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From JPCL, December 2016

More items for Quality Control

By Peter Kronborg Nielsen, FORCE Technology

Following an uncertain start, the present offshore coating

systems for wind farms have shown fine durability against MP0R with rotating display
aggressive marine environments. In this article, positive screen
features from the first wind farms with more than 15 years of Automatic rotating display
service are described, and the importance of quality screen just like your smart
management is explained. phone. Click for Video
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Constructions such as offshore wind farms are subject to
aggressive environments. They are exposed to humidity with
high salinity and to intensive UV-radiation. The UV-radiation
occurs directly on the structures as well as from light
reflections from the sea.

Additionally, an area of concern is the tidal zone, or splash

zone, where the wind turbine construction is stressed both
from mechanical impacts service boat collisions and SAFE Systems'
waves and from corrosion created by shifting saline Blast Lights &
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such as the Irish Sea or the English Channel. urethane bumper. Switches
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Thus, in particular, the protection of the wind turbine color coding your hoses.
foundation, the transition piece (TP), is imperative (Fig. 1).
Long-term resistant coating systems with no need for future Fig. 1: Offshore wind turbine construction
refurbishment combined with flawless application operation showing the tower, transition piece (TP),
activities are essential, as offshore repair is costly. transition piece cavity and the monopile (MP)
which is the underwater support of the tower
and TP. Photo courtesy of FORCE Technology
The first wind farm in the North Sea, Horns Rev 1 (HR1), was planned in the mid-1990s. At the time, Hurricane Vacuums
designers considered using offshore coating systems from the oil and gas industry to prevent corrosion. & Dust Collectors
In particular, the Norwegian standard on coatings, NORSOK M-5011, was studied. Vacuum and dust collector
hose, filters and related
However, and against all earlier studies and NORSOK M-501 systems, the previous owner of HR1 accessories.
selected a two-coat, ceramic-reinforced epoxy system, applied wet-on-wet with a total dry film thickness IndustrialVacuum.com
(DFT) of 350 m (13.7 mils) for the TP and the upper part of the monopile (MP) (-2m mean sea level
[MSL] and upwards). The paint system had been approved following the testing regime of NORSOK
M-501, in this case being applied as a two-coat system with drying between the coats. Such a lean
system was seldom used for splash-zone areas.

As a test, the last five of the 80 TPs at HR1 were painted with a two-coat solvent-free epoxy system, at
a total DFT of 1,000-to-1,100 m (40-to-43 mils), and with drying between the coats.

The interior of the TPs and the rest of the MP were left uncoated. Sacrificial anodes were installed on NO FLASH RUST - NO
the outside of the TP for corrosion protection of both the underwater part of the TP and the MP.
Our HoldTight102 salt
remover & flash rust
The railings on the TP platform were hot-dipped-galvanized steel, with a DFT of approximately 150 m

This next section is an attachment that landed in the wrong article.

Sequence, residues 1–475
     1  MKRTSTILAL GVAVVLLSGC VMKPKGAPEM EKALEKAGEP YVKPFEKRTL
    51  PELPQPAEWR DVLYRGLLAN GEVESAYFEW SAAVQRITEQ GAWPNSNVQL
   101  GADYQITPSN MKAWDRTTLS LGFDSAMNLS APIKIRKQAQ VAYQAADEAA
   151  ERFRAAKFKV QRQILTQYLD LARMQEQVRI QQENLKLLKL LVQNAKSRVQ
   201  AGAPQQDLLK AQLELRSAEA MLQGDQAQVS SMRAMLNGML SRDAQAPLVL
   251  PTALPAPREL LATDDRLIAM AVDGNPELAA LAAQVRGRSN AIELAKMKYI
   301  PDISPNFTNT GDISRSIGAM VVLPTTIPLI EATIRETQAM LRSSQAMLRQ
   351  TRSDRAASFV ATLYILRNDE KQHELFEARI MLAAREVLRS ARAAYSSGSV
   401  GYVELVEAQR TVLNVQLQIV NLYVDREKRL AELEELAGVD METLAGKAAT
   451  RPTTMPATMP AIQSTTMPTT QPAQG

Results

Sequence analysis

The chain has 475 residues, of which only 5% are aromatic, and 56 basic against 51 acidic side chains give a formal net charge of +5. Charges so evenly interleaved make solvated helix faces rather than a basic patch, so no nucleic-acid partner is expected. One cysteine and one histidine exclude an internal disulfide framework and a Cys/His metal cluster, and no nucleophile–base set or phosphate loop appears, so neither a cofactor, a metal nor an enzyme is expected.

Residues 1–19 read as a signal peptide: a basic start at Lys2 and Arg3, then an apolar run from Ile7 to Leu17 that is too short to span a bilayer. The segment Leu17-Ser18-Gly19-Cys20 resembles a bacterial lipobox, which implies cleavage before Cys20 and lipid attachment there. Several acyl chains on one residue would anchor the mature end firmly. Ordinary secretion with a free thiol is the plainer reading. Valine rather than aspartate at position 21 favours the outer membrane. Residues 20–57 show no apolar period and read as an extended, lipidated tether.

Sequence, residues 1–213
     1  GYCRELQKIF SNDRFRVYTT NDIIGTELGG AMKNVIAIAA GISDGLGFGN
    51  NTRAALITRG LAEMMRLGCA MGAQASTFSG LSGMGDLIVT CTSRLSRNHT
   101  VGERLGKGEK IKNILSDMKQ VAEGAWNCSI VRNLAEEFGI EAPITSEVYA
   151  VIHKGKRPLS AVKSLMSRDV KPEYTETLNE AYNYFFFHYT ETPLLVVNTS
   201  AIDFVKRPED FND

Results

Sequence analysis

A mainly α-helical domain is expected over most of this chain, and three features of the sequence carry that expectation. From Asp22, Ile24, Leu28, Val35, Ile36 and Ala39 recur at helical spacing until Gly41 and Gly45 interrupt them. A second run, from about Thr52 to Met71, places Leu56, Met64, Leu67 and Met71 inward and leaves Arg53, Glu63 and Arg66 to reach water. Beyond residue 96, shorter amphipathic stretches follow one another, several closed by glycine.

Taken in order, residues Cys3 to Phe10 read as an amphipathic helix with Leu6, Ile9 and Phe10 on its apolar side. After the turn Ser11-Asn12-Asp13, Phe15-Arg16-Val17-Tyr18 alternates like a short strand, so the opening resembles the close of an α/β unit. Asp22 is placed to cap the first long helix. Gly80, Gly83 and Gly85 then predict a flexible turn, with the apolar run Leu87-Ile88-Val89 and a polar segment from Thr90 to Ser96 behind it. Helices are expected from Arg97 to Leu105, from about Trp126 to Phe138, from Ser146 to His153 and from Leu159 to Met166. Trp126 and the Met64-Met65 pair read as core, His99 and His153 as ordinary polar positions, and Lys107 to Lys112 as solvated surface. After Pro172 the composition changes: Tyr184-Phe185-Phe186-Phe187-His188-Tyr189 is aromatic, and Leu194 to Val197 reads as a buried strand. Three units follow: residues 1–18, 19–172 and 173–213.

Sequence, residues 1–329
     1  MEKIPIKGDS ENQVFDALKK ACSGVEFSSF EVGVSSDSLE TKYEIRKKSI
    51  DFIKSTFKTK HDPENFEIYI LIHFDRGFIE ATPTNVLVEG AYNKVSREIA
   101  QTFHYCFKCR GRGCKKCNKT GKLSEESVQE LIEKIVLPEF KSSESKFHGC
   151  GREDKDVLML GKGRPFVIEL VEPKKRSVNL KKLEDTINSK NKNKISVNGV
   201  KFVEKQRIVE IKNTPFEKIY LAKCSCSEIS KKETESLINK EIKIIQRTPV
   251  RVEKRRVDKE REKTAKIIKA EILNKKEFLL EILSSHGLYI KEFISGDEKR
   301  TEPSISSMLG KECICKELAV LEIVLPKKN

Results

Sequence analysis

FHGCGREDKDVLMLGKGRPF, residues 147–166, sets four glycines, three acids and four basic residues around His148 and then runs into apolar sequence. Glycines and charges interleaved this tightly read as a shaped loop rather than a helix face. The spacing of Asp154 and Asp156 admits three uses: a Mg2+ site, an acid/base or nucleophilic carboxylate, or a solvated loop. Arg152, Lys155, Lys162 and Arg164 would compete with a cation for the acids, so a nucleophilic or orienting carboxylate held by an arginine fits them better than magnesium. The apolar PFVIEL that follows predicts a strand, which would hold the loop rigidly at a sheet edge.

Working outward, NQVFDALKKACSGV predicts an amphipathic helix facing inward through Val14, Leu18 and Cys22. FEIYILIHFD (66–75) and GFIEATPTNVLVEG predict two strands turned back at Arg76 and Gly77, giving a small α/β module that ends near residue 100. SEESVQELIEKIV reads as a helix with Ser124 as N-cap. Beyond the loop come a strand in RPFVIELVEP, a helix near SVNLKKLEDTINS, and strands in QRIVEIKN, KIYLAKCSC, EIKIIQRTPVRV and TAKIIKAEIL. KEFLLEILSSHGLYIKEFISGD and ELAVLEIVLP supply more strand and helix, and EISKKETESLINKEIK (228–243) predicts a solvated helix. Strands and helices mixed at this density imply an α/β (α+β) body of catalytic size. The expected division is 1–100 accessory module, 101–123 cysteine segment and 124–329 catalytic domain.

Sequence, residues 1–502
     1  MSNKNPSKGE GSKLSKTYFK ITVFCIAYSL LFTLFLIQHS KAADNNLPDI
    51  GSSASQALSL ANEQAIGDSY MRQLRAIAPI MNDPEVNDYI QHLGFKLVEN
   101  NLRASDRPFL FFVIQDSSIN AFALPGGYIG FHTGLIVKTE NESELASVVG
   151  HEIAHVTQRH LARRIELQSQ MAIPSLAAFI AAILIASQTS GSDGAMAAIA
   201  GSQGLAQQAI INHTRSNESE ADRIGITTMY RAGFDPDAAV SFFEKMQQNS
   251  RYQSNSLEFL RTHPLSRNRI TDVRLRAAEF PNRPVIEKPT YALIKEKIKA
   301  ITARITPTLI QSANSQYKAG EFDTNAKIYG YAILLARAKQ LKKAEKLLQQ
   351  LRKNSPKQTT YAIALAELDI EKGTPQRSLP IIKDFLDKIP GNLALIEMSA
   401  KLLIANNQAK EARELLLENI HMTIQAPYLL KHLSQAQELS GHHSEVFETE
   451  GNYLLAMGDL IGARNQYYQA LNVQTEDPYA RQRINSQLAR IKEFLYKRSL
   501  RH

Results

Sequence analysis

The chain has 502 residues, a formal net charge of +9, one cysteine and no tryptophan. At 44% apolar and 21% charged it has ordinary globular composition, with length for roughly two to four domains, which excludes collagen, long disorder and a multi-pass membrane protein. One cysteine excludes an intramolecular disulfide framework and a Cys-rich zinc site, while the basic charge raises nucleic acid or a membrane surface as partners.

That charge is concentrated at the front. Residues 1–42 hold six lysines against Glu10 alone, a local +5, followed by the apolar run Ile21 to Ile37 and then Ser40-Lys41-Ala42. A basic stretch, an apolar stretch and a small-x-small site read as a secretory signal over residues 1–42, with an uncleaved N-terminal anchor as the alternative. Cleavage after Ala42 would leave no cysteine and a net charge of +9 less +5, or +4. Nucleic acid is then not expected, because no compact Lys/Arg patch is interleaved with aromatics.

preventer prevents flash
(6 mils). rust by removing surface
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The turbine tower itself was protected with a well-known epoxy/polyurethane (PU) system, primed with a for your nearest distributor.
thermally sprayed zinc/aluminium 85/15 coating. This system had a long and successful onshore track (800) 319.8802
record and also in coastal areas. sales@holdtight.com

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Within the first two years of
service, pinpoint corrosion was
observed on the TPs painted with
the lean 350 m two-coat epoxy
system (Fig. 2). KTA-Tator EH&S Services
Ambient & Worker Exposure
The corrosion took place both in Air Monitoring
the atmospheric and splash-zone Safety & Health Program
areas of the TP. A forensic Development
Lead Paint Assessments
investigation showed that the
& Specifications
corrosion started as blistering on Health Hazard & Jobsite
the coated surface and as the Safety Assessments
blisters ruptured from wave and Call 1-800-245-6379
tide movements, corrosion started.
The cause of damage turned out
to be the lean coating combined
with insufficient grinding of the
ceramic extenders in the paint.
Microscopic analyses of pieces of
paint flakes showed that the
extenders had not been ground Fig. 2: At the Horns Rev 1 (HR1) facility, pinpoint corrosion is noted on TPs
sufficiently during the production We Protect and Beautify the
painted with the lean two-coat epoxy system. Photos, Figures 2-4, courtesy of
of the paint. This defect and the FORCE Technology
PPG is widely recognized as a
low DFT of the coating permitted world leader in protective and
pinpoint access of salty water to marine coatings, developing
the steel surface. The surface innovative, cutting-edge
(that is, the film) had become products and services.
permeable (Fig. 3).

Cathodic disbondment of the

coating system may also have
contributed to the generation of
blisters in the splash zone.

It should be added that at present, Fig. 3: Poorly ground ceramic extenders combined with a low DFT render a
the corrosion damage is not coating film permeable. Steel Abrasives from